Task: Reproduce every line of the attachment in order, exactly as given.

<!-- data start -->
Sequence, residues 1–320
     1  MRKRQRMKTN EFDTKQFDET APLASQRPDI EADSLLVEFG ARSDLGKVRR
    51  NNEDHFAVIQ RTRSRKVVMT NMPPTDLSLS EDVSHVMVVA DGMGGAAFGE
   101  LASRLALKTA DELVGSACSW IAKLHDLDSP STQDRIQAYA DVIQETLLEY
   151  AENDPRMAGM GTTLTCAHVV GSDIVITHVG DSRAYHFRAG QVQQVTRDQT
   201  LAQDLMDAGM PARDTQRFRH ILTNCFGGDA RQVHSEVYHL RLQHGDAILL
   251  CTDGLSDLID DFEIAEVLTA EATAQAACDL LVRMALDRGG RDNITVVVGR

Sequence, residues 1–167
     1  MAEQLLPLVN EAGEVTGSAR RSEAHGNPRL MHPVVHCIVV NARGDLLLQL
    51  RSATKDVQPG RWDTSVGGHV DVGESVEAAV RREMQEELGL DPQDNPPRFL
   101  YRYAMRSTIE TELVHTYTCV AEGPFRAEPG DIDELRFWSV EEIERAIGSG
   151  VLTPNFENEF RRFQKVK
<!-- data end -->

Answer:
Sequence, residues 1–320
     1  MRKRQRMKTN EFDTKQFDET APLASQRPDI EADSLLVEFG ARSDLGKVRR
    51  NNEDHFAVIQ RTRSRKVVMT NMPPTDLSLS EDVSHVMVVA DGMGGAAFGE
   101  LASRLALKTA DELVGSACSW IAKLHDLDSP STQDRIQAYA DVIQETLLEY
   151  AENDPRMAGM GTTLTCAHVV GSDIVITHVG DSRAYHFRAG QVQQVTRDQT
   201  LAQDLMDAGM PARDTQRFRH ILTNCFGGDA RQVHSEVYHL RLQHGDAILL
   251  CTDGLSDLID DFEIAEVLTA EATAQAACDL LVRMALDRGG RDNITVVVGR

Sequence, residues 1–167
     1  MAEQLLPLVN EAGEVTGSAR RSEAHGNPRL MHPVVHCIVV NARGDLLLQL
    51  RSATKDVQPG RWDTSVGGHV DVGESVEAAV RREMQEELGL DPQDNPPRFL
   101  YRYAMRSTIE TELVHTYTCV AEGPFRAEPG DIDELRFWSV EEIERAIGSG
   151  VLTPNFENEF RRFQKVK